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Today's News

  • Column: Sentencing in nonviolent drug cases needs change

    I joined a bipartisan group of senators Oct. 4 to introduce the Sentencing Reform and Corrections Act of 2017, which would recalibrate prison sentences for nonviolent drug offenders, target violent and career criminals and save taxpayer dollars.
    The legislation permits more judicial discretion at sentencing for offenders with minimal criminal histories and helps inmates successfully reenter society, while tightening penalties for violent criminals and preserving key prosecutorial tools for law enforcement.

  • Publisher's Column: We are your ‘Main Street media’

    Editor’s note: Susan Rowell last week became president of the National Newspaper Association, which represents community newspapers nationwide. Here are excerpts of her acceptance speech at the NNA’s annual convention in Tulsa, Okla.

    I am beyond honored to join this group of individuals who have led the National Newspaper Association to where we are today. Over 2,000 members strong, representing communities from the East Coast to the West Coast.

  • Staff Column: Let’s name new school after Charlie Duke

    Naming a new public building is a chance to celebrate something we’re proud of.
    Next August, a new elementary school will be opening in Lancaster County. And if the committee assigned with choosing a name is fishing for ideas, I have a suggestion.
    It should be named Charlie Duke Elementary School to honor our homegrown Apollo 16 astronaut.
    Twelve men have left footprints on the moon. Duke, who celebrated his 82nd birthday Tuesday, is one of them. He logged 71 hours on the lunar surface in April 1972.

  • After saving a barred owl, Pegrams get to free one

    After nearly two months recovering at the Carolina Raptor Center in Huntersville, N.C., barred owl Luna’s release back into the wild was expected to take place in front of the Pegram household where she was rescued.  
    But after some wires were crossed with her paperwork, she was released during a festival in Gaston County, N.C.
    Nine-year-old Madalyn Pegram was surprised when mom Stacy told her she wouldn’t get to see her owl released. “She was disappointed but ultimately happy Luna was able to be released,” Pegram said.

  • Junior Bruins notch first win

    The Lancaster High School junior varsity football team posted its first win of the 2017 season, downing host Richland Northeast, 14-6 on Thursday night.

    RNE returned the opening kickoff 60 yards for a 6-0 lead.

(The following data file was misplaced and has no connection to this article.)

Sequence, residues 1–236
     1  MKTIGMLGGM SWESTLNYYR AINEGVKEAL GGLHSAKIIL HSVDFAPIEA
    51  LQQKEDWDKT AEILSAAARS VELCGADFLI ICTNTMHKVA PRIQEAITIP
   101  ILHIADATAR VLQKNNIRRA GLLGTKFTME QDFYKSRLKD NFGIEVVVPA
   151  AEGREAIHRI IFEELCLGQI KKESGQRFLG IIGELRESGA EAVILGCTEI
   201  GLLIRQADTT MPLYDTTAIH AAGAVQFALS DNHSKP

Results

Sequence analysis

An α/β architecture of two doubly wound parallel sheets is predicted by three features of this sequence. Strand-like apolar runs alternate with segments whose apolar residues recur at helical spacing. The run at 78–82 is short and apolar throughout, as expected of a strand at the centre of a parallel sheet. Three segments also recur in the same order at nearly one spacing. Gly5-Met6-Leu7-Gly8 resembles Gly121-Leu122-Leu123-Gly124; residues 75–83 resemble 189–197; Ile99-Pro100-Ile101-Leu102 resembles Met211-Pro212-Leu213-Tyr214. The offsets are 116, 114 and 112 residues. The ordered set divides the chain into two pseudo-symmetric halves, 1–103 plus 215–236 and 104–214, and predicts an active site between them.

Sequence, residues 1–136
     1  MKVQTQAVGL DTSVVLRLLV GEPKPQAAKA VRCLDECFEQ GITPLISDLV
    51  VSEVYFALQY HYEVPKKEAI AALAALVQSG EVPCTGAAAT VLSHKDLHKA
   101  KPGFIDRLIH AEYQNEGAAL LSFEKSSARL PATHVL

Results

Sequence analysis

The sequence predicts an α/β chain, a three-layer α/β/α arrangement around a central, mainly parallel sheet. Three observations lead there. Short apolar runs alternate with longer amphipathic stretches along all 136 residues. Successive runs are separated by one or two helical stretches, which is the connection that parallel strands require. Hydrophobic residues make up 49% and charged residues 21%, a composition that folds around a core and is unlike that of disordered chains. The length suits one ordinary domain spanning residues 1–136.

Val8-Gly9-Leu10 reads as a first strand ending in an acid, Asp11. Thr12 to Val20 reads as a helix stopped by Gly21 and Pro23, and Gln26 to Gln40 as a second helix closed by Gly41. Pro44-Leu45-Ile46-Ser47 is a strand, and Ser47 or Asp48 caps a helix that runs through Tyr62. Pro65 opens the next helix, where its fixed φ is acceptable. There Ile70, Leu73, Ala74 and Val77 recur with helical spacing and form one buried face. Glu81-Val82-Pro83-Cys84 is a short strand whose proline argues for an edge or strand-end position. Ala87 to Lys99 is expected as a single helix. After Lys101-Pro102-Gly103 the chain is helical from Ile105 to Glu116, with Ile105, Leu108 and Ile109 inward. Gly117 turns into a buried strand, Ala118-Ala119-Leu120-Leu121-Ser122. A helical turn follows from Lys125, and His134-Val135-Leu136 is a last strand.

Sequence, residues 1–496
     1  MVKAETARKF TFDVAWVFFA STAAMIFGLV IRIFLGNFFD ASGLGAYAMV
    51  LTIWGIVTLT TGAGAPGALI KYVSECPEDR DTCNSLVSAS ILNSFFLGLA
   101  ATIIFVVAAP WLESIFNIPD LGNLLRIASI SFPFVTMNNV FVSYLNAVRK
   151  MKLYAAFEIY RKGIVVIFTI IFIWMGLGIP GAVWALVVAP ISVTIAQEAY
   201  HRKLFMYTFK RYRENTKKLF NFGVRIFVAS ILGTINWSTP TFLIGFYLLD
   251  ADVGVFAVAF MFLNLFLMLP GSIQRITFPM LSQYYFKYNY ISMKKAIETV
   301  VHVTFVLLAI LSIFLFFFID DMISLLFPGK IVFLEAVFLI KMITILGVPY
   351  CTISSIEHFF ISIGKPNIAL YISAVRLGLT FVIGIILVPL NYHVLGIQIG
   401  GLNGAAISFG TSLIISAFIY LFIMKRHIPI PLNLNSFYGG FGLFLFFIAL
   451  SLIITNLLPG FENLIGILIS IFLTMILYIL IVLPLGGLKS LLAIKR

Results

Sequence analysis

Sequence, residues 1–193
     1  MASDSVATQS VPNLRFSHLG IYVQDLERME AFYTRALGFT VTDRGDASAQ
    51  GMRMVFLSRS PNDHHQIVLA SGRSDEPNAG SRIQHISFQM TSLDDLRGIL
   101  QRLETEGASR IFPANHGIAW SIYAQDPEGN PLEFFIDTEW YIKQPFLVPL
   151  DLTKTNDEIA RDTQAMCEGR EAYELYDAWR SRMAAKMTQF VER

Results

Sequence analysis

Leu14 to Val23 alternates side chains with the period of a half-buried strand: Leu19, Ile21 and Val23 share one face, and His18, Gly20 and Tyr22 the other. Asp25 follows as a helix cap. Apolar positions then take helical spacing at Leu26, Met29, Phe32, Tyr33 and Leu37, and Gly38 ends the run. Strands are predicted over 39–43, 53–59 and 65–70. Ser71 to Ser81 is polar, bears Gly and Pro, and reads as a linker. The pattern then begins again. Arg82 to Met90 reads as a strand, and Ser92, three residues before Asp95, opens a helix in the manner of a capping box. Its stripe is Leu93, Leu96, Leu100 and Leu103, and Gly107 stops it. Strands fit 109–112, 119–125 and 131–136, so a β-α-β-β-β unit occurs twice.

Lancaster, 1-5, answered with Sean Truesdale tossing a 70-yard touchdown pass to Akeem Ford. Truesdale later scored on a five-yard TD run and Nygel Moore, who ran for 160 yards on the night, added the conversion run.

    LHS coach Chris Miller said the Junior Bruins had plenty of key play in the win.

  • Blue Devils earned Class C’s blue ribbon

    Charles Ussery

    For The Lancaster News


    (Editor’s note: following are the highlights of the Heath Springs Blue Devils’ 1967 Class C state championship football season, with highlights from a host of team members through the Kershaw game that season. The rest of the season highlights will follow in an upcoming story).


    The start of the 1967 high school football season was rough for the eventual Class C state champion Heath Springs Blue Devils.

  • Walters shoots 62, ties course record

    Drew Walters has etched his name with the elite in Lancaster Golf Club history.

    The 29-year-old avid Lancaster golfer tied the course record, shooting a 10-under 62 to tie the mark held by former Buford High School star golfer Trevor Banks, a prep state champion at BHS.

    Walters, over 18 holes from the white tees, posted 10 birdies and eight pars. He had five birdies on the front nine and five on the back.

    Prior to Walters and Banks, the late Doc Catoe held the old LGC record of 63.

  • Antioch pumpkin patch full of fall fun, learning

    Indian Land Elementary School students filed off the bus Thursday into a field with hundreds of pumpkins at Antioch Baptist Church’s seventh-annual Great Pumpkin Patch.

    LeighAnn Edmondson and Tiffany Evans’ special-needs classes ran straight to the pumpkins sitting on pallets, tables and bleachers.

    Edmondson said her class has learned about the lifecycle and different sizes and colors of pumpkins.

  • $7.2 million worth of fire trucks

    A $7.2 million photo was taken Sept. 30 in the county administration parking lot.
    It’s a group shot of the 18 new fire trucks now in station houses across Lancaster County.
    “It’s an awesome thing to stand there and see all that apparatus side by side like that,” said Darren Player, Lancaster County Fire Rescue director. “You realize a huge cooperative effort made the photo possible. From our elected leaders to volunteers who do the lion’s share of the work and a career staff…. That’s quite a coalition at work.”

  • 11-year-old injured in hit-and-run

    An 11-year-old boy was injured Thursday night in a hit-and-run accident just south of Lancaster, and the Highway Patrol is seeking the public’s help in locating the vehicle involved.
    The boy, whose identity has not been released, was flown to Carolinas Medical Center in Charlotte after he was found lying next to the road at 8:25 p.m. His condition was unknown at press time.
    According to Highway Patrol Lance Cpl. Gary Miller, the incident happened on Evans Drive, near Barnett Street off McIlwain Road.